According to IRS Publication 544 holding period is generally speaking the length of time a capital asset is owned. It is important because of the tax benefits of long term capital gain or loss treatment according to IRC Sec 1223. If the capital gain property is held for more than 12 months, gain or loss is long-term according to IRC Sec. 1222.
In determining a property’s holding period you generally exclude the purchase date but include the sale date. To determine if property has been held long enough to qualify as long-term capital gain, begin counting the holding period on the day after the property was acquired.
When the basis of transferred property carries over, as in an IRC Sec. 1031 exchange, the holding period of the prior owner “tacks on” to the current owner’s holding period according to IRC Sec. 1223(1).
If property is constructed over a period longer than one year and is sold after completion, it may have been held partly for the short-term and partly for the long-term holding periods. The cost of construction completed within the short-term holding period ending with the date of sale has a short-term holding period. The cost of construction completed more than 12 months before the date of sale has a long-term holding period. Land and improvements usually tend to have different holding periods because most people buy land first and then build on that land at a later date. As such the holding period varies based on when development begins and/or improvements constructed.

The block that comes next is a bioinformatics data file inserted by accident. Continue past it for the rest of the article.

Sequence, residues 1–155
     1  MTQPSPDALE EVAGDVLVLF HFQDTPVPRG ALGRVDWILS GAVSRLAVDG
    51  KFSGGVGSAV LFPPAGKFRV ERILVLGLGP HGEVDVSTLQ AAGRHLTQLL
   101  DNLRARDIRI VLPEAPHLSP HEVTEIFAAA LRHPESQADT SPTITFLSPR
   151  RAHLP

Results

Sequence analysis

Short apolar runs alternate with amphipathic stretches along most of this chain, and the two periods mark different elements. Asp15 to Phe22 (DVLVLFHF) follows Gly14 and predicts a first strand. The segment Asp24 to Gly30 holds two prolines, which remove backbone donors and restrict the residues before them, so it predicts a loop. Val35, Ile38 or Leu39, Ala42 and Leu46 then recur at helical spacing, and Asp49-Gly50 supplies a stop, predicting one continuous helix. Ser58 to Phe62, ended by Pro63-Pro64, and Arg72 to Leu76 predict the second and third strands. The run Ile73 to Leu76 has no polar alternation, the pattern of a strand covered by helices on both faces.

The purpose of taxing capital gains at lower rates than other income was to stimulate consummation of profitable transactions in property bought for investment according to the Revenue Act 1921, § 206(b).
In tax year 2011 the IRS created Form 8949, Sales and Other Dispositions of Capital Assets, for taxpayers to calculate capital gains and losses. List all capital gain and loss transactions on this form. The subtotals from this form will then be carried over to Schedule D (Form 1040), where gain or loss will be calculated.
Additional resources about reporting capital gains and losses are the Schedule D instructions, IRS Publication 550 Investment Income and Expenses and IRS Publucation 17 Your Federal Income Tax.